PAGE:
In the first
period of his life, Tusi migrated from Tus to Nishāpur where he spent
several years. We do not know much about his career as a student. We are also
short of accurate information about a sudden circle which Tusi formed by
traveling from Nishāpur to Ray,
The first and the second parts were spent among the Ismāʻilis. After he had spent several years with Nāsir al-Din Muhtasham (d. 655), the ruler of Quhistān, he was invited to Alamut by ʻAlāí al-Din Muhammad (d. 653) the major leader of the Ismaʻilis.
He stayed for several years in Alamut and witnessed ʻAlāí al-Dinís reign and one year of the reign of his son Khurshāh (d. 654). Historical sources do not indicate whether Tusi played any major socio-political role among the Ismāʻilis other than his intellectual activities.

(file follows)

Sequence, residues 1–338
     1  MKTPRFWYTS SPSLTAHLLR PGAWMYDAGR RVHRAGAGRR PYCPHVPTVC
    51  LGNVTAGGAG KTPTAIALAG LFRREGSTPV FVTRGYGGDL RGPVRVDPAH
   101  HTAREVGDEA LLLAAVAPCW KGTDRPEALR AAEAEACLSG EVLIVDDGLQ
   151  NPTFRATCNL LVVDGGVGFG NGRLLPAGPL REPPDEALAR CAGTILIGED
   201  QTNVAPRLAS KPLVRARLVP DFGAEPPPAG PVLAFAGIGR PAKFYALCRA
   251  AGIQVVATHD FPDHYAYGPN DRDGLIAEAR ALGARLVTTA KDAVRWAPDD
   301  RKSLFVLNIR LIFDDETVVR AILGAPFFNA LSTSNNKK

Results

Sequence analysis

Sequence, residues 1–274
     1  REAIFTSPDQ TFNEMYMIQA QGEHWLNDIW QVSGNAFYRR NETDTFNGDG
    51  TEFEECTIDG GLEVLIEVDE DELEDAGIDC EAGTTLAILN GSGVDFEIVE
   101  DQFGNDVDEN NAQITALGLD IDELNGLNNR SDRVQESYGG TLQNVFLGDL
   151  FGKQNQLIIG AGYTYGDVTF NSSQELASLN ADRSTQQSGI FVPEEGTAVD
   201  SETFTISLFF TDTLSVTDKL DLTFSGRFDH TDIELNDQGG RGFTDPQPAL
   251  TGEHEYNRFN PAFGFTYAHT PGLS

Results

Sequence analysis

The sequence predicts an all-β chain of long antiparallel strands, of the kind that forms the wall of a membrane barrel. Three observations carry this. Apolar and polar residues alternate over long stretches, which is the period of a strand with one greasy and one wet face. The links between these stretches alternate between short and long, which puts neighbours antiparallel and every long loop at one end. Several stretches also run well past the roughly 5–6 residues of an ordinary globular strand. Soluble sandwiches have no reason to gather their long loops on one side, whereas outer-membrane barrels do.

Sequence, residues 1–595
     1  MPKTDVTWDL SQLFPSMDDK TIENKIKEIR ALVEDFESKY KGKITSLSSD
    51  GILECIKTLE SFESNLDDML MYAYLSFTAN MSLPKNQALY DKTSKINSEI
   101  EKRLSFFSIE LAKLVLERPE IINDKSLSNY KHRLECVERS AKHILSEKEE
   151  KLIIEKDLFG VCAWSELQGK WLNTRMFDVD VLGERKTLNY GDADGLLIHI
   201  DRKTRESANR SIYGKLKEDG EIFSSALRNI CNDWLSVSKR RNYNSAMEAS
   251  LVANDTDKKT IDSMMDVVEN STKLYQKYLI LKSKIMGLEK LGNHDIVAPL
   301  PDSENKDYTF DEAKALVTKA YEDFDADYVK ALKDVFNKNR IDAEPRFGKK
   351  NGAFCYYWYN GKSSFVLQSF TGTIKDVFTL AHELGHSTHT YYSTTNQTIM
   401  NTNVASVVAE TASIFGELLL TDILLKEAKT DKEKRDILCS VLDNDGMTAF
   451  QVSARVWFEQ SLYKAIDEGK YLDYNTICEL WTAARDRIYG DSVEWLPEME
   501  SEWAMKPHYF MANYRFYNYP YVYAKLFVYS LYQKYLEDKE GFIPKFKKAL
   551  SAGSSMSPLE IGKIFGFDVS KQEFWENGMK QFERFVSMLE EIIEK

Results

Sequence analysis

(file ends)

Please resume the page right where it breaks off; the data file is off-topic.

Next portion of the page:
accounts show that the only significant political action of the scholar in this
period is a letter and an elegy or qasida, to Ibn al-ʻAlqami (d. 656/1258).
As a Shiʻi chief minister of the caliph of
Clearly, in the
beginning, Tusi felt a responsibility to spread Shiʻi thought. Under the
benefit of the patronage of Ibn al-ʻAlqami, he started his missionary
activity with the caliph of